6. 6. CHALLENGES:1. Struggling Downtown District - Higher Vacancy Rates /Lower Rental Rates - No Defined District - Poor Circulation Pattern (One way System) - No Clear Sense of Arrival - No Residential Development2. Outdated Zoning (1960‟s / 1970‟s) - Outdate Parking Requirements - Variance Approval Process3. Difficult Approval Process4. Need to Increase RATABLES5. Municipal Options Include: - Increase Revenues / Decrease Spending www.mainstreethackensack.com
    7. 7. THE HISTORY Karen Sasso CouncilwomanSOURCES:Hackensack, A Pictorial History Six Guys from Hackensack, Coming of Age in the Real NJAuthors: A. Petretti, B. Gooding, T. Jones, T. Sellarole Author: G. KirschPublisher: Nostalgia Publications, Inc. Publisher: Infinity PublishingHackensack – Heritage to Horizons Hackensack Transit Oriented Development Report, DraftEditors: T. Lark, Dr. I. Talbot, PHD and D. Karsian NJIT, College of Architecture and Design, Infrastructure PlanningPublisher: The Hackensack Bicentennial Committee “Ode to Hackensack”The City of Hackensack – Three Centuries of Prosperity Author: S. NortonAuthors: L. Steuerwald and B. Iozzia www.hackensacknow.orgPublisher: The City of Hackensack www.mainstreethackensack.com
    8. 8. HISTORIC CONTEXT:1683 Founded - Hackensack River1700‟s River used for Ag. trade1764 County-wide Public Transportation1800‟s Regional Stage Coach Hub1860‟s Railroads / Commuters1880‟s Second largest Brick Manufacturing in the country1905 Primary Commercial Center (services and entertainment)1931 G W Bridge opens (suburbanization)1950‟s Major Shopping Destination www.mainstreethackensack.com
    9. 9. HISTORIC CONTEXT:1950‟s Suburban Malls Open - Automobile - Suburbanization1970‟s Decline of Main Street to - One Way Street Conversion2000‟s - Lower Rental / Higher Vacancy - No Residential - Inappropriate Zoning / Parking Req‟s2004 BID Forms2005 Changes Start2009 BID Hires Street Works - Public Outreach - Initial „Vision‟2010 City Initiates Rehabilitation Plan www.mainstreethackensack.com
    10. 10. HISTORIC CONTEXT:2010 - Current - Adopted Rehabilitation Plan (163 ac) - Adopted Streamlined Development Process - Adopted Public Parking System Study - Adopted Traffic Study - Adopted State Street Redevelopment Plan Negotiated a PILOT Agreement - Purchased / Renovated / Opened the Cultural Arts Center - Awarded a $265,000 Open Space Grant (Atlantic Street Public Park) - Adopted Complete Streets Resolution - Applied for Transit Village Designation - Applied for NJEIT Grant ($3 mil) - Developer Symposium - On going Developer Meetings www.mainstreethackensack.com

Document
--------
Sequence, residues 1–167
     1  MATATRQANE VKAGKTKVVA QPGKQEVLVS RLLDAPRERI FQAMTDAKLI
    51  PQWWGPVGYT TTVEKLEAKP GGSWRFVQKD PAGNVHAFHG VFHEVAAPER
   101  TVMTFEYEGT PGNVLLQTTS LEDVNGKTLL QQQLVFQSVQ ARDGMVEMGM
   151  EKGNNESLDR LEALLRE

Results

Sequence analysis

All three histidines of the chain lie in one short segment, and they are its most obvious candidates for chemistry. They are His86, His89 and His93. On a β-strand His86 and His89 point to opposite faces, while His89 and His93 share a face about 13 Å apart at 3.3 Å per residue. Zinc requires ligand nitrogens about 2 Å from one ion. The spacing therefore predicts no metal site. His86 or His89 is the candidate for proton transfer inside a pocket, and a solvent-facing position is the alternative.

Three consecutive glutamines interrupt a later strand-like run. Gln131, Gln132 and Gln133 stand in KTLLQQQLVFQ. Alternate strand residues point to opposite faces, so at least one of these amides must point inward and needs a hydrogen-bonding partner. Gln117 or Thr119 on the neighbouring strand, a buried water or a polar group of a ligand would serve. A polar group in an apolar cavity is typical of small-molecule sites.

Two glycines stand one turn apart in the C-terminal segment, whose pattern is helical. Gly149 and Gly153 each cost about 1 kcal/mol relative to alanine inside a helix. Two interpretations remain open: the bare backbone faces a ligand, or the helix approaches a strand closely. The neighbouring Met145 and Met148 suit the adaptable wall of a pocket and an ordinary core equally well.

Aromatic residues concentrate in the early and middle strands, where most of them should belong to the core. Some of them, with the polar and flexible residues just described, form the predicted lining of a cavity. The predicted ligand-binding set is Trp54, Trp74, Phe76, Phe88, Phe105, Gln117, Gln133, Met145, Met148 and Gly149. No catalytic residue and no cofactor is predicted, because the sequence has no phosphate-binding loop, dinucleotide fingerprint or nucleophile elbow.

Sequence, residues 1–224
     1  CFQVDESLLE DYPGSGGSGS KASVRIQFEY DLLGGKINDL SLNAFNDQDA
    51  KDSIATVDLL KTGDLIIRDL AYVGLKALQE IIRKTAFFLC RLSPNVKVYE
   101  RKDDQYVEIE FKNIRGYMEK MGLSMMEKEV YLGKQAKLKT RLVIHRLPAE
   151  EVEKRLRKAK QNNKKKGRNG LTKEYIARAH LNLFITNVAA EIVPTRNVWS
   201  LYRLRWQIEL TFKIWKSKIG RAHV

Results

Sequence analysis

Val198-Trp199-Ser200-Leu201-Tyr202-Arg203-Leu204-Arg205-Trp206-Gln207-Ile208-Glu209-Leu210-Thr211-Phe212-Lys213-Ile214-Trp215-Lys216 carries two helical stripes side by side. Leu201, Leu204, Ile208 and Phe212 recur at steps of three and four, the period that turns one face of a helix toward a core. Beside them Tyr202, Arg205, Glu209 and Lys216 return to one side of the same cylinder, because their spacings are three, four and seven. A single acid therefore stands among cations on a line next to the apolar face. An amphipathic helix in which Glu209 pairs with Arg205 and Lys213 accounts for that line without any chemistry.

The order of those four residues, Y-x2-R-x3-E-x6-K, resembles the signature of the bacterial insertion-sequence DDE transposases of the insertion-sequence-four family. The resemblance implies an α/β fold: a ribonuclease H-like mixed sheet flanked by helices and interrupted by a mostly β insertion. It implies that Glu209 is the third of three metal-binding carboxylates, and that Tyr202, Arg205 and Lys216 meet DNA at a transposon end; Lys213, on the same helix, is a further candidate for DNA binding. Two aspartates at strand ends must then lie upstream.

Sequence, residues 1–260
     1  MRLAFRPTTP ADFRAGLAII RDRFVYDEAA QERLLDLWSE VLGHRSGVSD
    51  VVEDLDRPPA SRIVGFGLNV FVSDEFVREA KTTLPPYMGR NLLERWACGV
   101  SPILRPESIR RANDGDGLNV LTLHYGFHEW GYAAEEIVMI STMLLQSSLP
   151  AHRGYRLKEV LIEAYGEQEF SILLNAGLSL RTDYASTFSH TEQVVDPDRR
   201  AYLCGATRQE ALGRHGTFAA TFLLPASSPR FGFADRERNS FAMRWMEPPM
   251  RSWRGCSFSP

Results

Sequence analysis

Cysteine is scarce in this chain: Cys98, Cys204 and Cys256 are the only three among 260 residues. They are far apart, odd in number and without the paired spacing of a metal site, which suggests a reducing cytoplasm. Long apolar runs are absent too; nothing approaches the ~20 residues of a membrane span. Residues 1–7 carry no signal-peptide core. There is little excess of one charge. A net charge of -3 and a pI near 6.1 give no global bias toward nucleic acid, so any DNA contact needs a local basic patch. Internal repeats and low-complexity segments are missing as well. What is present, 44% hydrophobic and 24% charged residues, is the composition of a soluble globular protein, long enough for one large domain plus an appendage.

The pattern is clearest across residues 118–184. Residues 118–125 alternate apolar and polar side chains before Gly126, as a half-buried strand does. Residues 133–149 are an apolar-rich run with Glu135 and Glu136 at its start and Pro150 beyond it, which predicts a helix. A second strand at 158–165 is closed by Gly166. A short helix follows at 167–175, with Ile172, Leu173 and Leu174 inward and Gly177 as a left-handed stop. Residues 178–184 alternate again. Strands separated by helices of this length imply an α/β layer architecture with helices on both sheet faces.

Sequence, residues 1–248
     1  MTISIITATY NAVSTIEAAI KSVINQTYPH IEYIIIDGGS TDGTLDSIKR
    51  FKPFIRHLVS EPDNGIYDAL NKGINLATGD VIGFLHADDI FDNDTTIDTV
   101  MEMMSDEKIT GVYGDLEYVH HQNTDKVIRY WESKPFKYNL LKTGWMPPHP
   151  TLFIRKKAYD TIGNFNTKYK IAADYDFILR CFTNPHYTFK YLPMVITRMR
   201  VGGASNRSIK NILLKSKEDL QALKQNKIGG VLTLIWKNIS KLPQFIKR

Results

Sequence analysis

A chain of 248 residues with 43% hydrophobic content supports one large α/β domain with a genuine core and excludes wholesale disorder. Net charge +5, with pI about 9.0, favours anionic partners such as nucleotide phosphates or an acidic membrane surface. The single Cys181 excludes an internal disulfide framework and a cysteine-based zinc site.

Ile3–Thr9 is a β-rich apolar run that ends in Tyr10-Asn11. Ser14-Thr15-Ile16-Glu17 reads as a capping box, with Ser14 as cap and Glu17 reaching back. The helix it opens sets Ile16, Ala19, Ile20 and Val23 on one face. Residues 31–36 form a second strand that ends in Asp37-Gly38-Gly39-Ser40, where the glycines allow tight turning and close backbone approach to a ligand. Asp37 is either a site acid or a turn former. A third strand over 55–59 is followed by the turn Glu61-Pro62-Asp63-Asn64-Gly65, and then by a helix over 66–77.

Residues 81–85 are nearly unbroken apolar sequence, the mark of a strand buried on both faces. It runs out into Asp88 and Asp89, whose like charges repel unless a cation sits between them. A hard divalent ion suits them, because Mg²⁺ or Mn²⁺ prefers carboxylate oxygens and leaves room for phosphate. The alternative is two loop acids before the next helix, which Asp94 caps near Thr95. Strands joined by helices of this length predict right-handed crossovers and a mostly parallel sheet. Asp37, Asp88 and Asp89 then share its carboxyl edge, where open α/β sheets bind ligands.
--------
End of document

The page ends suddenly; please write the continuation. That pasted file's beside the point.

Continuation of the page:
11. 11. THE PROCESS Nancy Kist, Esq Redevelopment CounselDeCotiis, FitzPatrick & Cole, LLP www.mainstreethackensack.com
    12. 12. PROCESS:1. The City Needed a Champion….. - A Leader……….. - A Vision………… - Of course EVERYONE NEEDS an Attorney……..2. 2010 City Formed a Steering Committee - City of Hackensack - Upper Main Street Alliance (SID)3. Determined Area for Revitalization - Focused on Downtown - Inside the boundary is more valuable4. Created the „Vision‟ Vibrant Mixed Use Pedestrian Friendly Active Streets Cultural Arts Residential Density Rateables Parking & Circulation www.mainstreethackensack.com
    13. 13. PROCESS:1. Needed to Change the Zoning - Wanted Progress not more Plans2. Rehabilitation verse Redevelopment - Legal issues with Redevelopment - Gallenthin Realty v. Paulsboro - Kelo v. City of New London3. Rehabilitation - 5 Year Tax Abatement - New Zoning - Limited Likelihood of Litigation - Immediate Progress - No Eminent Domain - Option for Redevelopment Plans within Rehab Area www.mainstreethackensack.com
    14. 14. REDEVELOPMENT GOALS:Avoid the risks of costly litigation or delays associated withchallenges to redevelopment area designations;Pursue Redevelopment Area Designations on a case bycase basis, preferably with the consent and participation ofaffected property owners;Use Rehabilitation Area Designation Strategically to promoterevitalization; www.mainstreethackensack.com
    15. 15. REHABILITATION CRITERIA - NJSA40A:12A-14Significant portion of structures in the area are in a deteriorated or substandard condition and there is a continuing patter of vacancy, abandonment or underutilization of the properties in the area, with a persistent arrearage of property tax payments thereon; orMore than half the housing stock in the delineated area is at least 50 years old, or the majority of water and sewer infrastructure in the delineated area is at least 50 years old and is in need of repair or substantial maintenance andA program of rehabilitation as defined in NJSA 40A:12A-3 may be expected to prevent further deterioration and promote the overall development of the community. www.mainstreethackensack.com
    16. 16. REDEVELOPMENT vs. REHABILITATIONRedevelopment RehabilitationEight (8) available criteria found in NJSA Three (3) available criteria found in NJSA 40A:12A-40A:12A-6 14; criteria may extend to the entire communityArea can only be Designation after Area is designated after City Council refers proposedinvestigation is conducted by Planning resolution to Planning Board which may provideBoard recommendations and modifications to the resolution to the City CouncilAfter adoption of redevelopment plan City After adoption of redevelopment plan for thecan undertake all actions authorized by rehabilitation area, the City can undertake all actionsNJSA 40A:12A-8, including authorized by NJSA 40A:12A-8 except it cannotcondemnation. acquire property by condemnation unless the area is also within a redevelopment area or the exercise of eminent domain is authorized by other laws of the StateLong Term Tax Exemptions available to Five Year Exemption and Abatement available toqualifying projects. See NJSA 40A:20-1 et qualifying projects. See NJSA 40A:21-1 et seq. Termseq. Term of agreement, no longer than of agreement no longer than 5 years. Can exempt or30 years. PILOT based upon Total Project abate certain improvements from taxation for up to fiveCost or Percentage of Gross Revenues years. www.mainstreethackensack.com